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William Sclater on the Sufficiency and Efficiency of Christ’s Death

February 12, 2009

Sclater:

Let us therefore as many as desire to know our reconciliation with God through Christ, prove ourselves whither we be in the faith or not [1 Cor. 13:5]: the old distinction of the School-men borrowed of Augustine, in question touching the extent of Christ’s merit, may in fit place be discussed: this once is agreed on all sides, except the Chilasts, that howsoever there be a sufficiency of worth in Christ’s merit to reconcile all; yet the efficacy thereof reaches only to such as believe. It concerns us therefore for our comfort, diligently to try and examine our confidence.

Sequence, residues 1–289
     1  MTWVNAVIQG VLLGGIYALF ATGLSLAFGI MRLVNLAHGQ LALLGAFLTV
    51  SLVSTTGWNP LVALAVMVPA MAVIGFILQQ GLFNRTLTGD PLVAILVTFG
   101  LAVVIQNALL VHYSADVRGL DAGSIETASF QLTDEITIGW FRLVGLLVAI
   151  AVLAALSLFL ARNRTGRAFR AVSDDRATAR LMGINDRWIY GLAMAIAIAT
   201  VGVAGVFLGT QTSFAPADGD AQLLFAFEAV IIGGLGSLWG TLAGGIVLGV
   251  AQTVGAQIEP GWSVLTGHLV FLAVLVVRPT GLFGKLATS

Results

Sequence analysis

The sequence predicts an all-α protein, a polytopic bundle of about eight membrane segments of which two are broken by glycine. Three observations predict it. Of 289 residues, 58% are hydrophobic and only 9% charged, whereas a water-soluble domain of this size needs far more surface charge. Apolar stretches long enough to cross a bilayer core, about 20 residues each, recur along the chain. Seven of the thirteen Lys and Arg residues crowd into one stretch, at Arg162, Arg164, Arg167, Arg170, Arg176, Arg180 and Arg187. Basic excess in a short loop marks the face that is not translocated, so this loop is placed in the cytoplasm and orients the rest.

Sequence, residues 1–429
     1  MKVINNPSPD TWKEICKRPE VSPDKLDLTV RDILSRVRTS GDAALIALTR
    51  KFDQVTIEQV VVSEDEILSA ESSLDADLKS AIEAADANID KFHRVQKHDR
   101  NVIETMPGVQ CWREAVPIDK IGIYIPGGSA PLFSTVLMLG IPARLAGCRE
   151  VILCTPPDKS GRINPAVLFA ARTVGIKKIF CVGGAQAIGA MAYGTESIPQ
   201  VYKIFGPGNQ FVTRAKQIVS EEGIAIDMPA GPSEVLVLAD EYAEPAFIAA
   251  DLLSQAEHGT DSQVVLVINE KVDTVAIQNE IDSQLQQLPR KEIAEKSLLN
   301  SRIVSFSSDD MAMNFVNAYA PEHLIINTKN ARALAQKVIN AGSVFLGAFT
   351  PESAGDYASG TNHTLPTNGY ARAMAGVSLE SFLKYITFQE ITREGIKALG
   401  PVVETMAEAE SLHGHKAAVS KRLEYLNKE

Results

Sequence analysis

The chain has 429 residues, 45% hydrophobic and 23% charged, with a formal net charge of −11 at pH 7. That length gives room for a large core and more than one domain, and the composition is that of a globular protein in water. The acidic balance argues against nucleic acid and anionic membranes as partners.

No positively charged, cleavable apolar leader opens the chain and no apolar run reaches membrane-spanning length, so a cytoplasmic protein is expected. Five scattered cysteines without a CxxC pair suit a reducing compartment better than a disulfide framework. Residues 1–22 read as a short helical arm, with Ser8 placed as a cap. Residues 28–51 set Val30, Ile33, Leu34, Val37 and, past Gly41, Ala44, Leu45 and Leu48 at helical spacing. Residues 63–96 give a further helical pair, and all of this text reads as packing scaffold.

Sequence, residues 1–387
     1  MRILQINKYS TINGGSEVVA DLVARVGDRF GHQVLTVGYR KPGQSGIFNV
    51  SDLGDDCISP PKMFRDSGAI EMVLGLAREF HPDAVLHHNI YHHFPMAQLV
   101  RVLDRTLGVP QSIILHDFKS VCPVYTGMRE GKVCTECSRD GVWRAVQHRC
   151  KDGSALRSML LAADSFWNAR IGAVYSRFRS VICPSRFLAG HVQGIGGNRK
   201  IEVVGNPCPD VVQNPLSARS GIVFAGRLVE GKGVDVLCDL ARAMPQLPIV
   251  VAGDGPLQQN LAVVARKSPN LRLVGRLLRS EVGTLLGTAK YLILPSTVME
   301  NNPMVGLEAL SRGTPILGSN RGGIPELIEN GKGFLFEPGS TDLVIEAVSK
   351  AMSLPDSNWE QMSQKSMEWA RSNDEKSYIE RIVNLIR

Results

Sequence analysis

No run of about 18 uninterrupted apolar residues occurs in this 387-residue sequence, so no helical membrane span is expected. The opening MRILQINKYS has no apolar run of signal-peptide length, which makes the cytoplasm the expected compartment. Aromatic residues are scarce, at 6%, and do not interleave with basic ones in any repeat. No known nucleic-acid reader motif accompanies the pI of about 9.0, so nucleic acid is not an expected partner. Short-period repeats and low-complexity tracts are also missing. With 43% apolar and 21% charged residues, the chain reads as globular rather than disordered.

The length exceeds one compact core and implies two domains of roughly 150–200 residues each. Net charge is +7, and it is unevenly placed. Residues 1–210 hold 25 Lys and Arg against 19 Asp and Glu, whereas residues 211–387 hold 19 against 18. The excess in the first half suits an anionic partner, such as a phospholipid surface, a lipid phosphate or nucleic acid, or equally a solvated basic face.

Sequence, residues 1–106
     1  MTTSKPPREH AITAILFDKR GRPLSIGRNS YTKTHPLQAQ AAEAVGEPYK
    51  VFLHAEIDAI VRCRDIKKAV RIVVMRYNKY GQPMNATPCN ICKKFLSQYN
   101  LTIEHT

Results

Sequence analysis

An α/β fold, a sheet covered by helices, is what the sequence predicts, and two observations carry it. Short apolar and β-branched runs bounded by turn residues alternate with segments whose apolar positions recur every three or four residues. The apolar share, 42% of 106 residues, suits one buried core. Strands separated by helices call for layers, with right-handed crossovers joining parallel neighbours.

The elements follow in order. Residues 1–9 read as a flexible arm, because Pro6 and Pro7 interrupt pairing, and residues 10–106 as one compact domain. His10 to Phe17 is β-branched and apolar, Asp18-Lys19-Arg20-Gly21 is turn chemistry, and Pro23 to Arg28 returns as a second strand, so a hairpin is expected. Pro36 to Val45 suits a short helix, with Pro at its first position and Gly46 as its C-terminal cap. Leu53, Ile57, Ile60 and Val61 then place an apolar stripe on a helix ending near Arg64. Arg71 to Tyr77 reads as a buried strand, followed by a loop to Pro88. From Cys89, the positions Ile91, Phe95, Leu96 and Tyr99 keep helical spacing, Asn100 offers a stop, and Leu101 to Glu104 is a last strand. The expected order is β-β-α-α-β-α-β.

Wiliam Sclater, A Key to the Key of Scripture, or An Exposition with Notes upon the Epistle to the Romanes. 2nd ed. (London: Printed by T.C. for Nicolas Fussell and Humphrey Mosley, and are to be sold at the Ball in Paus Church yard, near the Great North Doore, 1629), 3221. [Some spelling modernized, verses cited inline; underlining mine.]

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